by Mark Goulston and Doc Barham
A good leader makes you want to do a better job;
a great leader makes you want to be a better person
What are the qualities and characteristics that great leaders possess?
If you’re fortunate, you’ll meet people over the course of your career and life that exceed your expectations in every way. When you work or spend time with them, you find yourself wanting to not just do a better job, but to be a better person. You put a lid on your neuroses and on your sense of entitlement and selfishness. You work hard and as Harry S Truman would say, you do it gladly.
Why do we try to be the best that we can be with such people? Given the choice between instant gratification and the lasting satisfaction of earning the esteem of someone you deeply respect and admire, all but the most myopic of us would choose the latter.
What would happen to your leadership effectiveness if you became more like the people from whom others actively seek respect? How productive would your people become if they all felt that having you as a leader represented the rare opportunity to work with or under someone that people everywhere admire? How much harder would people work if they were inspired and motivated by the privilege of your adamant faith in their skills?
If you answered anything less than an enthusiastically positive response to those questions, imagine the effect on people if you acted in a manner that was the polar opposite of this. How motivated would your people be if you attacked, blamed, demeaned, made excuses, complained and embarrassed them and yourself? Perhaps they’d work hard in the short run because of fear or even resentment. Your organization might squeeze a winning quarter out of intimidation, but without inspiration you will never build a winning company.
What are the qualities that leaders should aspire to in order to earn, deserve, and command respect? Look no further than a mentor whose belief in you made you want to give your best shot in your professional and personal life. Chances are they possessed the following four attributes:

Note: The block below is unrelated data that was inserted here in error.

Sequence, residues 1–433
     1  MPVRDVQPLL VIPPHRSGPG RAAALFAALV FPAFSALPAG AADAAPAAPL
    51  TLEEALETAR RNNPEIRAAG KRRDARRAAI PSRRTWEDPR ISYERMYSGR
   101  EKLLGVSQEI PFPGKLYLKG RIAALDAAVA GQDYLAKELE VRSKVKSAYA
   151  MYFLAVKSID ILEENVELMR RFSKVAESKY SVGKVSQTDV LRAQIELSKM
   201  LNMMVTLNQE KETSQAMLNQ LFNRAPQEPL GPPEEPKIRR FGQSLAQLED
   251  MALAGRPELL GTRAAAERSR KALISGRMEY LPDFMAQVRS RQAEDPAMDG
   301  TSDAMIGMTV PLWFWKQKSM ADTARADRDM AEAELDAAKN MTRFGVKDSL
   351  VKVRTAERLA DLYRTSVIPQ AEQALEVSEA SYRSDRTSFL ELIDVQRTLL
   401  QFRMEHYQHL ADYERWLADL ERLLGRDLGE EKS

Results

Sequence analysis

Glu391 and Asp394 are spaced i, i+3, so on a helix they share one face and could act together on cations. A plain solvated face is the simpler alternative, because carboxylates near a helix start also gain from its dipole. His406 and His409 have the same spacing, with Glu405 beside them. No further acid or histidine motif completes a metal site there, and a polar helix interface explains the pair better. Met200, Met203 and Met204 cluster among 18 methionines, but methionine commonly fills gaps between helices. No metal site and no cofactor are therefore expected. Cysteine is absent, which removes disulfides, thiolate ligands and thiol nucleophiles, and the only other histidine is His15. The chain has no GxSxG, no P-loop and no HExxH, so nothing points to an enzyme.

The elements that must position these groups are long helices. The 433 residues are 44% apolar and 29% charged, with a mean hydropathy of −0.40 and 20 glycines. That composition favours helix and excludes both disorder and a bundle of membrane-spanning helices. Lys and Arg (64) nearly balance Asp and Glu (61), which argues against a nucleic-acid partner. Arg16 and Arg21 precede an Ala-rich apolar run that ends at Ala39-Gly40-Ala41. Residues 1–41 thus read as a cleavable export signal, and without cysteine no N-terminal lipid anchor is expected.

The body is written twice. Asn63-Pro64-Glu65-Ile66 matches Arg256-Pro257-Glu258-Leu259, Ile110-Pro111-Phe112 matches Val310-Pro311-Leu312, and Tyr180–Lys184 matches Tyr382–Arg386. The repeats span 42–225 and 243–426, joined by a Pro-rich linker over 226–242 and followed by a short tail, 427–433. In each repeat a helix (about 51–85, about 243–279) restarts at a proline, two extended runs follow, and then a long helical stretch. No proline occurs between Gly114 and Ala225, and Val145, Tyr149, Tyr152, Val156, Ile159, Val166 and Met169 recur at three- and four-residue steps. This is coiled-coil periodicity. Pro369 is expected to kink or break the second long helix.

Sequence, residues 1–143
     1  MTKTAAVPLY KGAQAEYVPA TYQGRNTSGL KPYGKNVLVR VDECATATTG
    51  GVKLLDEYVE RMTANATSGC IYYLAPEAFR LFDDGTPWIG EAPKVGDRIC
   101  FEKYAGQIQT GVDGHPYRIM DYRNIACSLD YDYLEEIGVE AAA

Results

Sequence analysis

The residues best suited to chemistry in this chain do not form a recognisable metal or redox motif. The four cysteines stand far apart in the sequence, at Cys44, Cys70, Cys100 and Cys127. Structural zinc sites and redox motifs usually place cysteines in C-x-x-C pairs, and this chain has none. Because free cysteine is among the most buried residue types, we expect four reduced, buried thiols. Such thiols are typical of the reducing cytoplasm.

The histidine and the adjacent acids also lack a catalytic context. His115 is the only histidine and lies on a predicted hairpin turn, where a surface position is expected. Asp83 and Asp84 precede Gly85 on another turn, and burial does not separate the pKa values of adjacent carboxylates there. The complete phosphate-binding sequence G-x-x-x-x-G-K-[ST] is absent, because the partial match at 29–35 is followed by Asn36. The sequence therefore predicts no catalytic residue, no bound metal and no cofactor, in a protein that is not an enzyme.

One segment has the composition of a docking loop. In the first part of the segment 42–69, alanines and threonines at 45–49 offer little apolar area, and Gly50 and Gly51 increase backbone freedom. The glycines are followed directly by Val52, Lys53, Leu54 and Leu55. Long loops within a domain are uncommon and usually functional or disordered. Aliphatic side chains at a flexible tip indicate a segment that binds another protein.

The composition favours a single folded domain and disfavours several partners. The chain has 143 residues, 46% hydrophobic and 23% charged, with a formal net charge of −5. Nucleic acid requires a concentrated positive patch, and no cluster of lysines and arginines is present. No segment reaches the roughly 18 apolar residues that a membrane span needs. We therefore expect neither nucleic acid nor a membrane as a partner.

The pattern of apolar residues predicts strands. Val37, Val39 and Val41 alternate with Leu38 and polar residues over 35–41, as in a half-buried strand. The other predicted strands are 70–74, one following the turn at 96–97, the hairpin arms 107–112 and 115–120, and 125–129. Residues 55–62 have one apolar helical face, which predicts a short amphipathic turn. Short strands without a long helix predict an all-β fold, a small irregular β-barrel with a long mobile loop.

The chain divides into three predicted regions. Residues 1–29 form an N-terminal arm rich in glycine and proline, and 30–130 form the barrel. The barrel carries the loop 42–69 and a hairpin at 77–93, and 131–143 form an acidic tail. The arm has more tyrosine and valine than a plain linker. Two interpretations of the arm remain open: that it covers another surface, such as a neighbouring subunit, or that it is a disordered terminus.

- The judgment* to know the smart, wise and right thing to do.
- The integrity to do it.
- The character to stand up to those who don’t.
- The courage to stop those who won’t.
If you think the above terms are too abstract or "full of sound and fury signifying nothing," imagine the effect on people if leaders possess their polar opposites. If instead of judgement a leader consistently makes bad decisions (that are neither smart, wise or right); if instead of having the integrity to execute on those decisions, they don't follow through; if instead of character they turn a blind eye to people who are disruptive whose negative behavior is obvious to everyone else; and if instead of having the courage to stop and/or throw out the destructive and toxic people whose behavior is either exasperating or scary to everyone else, what do you think their people would think in terms of their respect, confidence and trust in that leader?
A final perk to if you consistently practice and develop these qualities in your professional and personal life. You will accrue an additional benefit beyond getting the best out of your people, as well as your family. You will live a life that was worth giving your life to.
Usable Insight: Command respect, and people will beat a path to your door. Lose it and they'll want to head for the exits.
* Judgment which is the cornerstone of leadership, does not mean that a leader has to be a "know it all." in actuality they will do better to send their smartest, most passionate and most curious people out as scouts to find out what are in the hearts and minds of their people, customers and clients, investors, vendors and strategic partners. One of the most innovative companies I know is IDEO and part of their tag line is that they are an "Innovation Consulting Frim." It sends their people go out into the world as anthropologists, sociologists and psychologists to bring back where people are coming from, what they need and want out of services and products. One of the qualities that they have is that they are to quote Saul Bellow, "first class noticers."One of the best resources for developing this rare quality is: Judgment: How Winning Leaders Make Great Calls by Noel Tichy and Warren Bennis (Portfolio Trade, $17.00)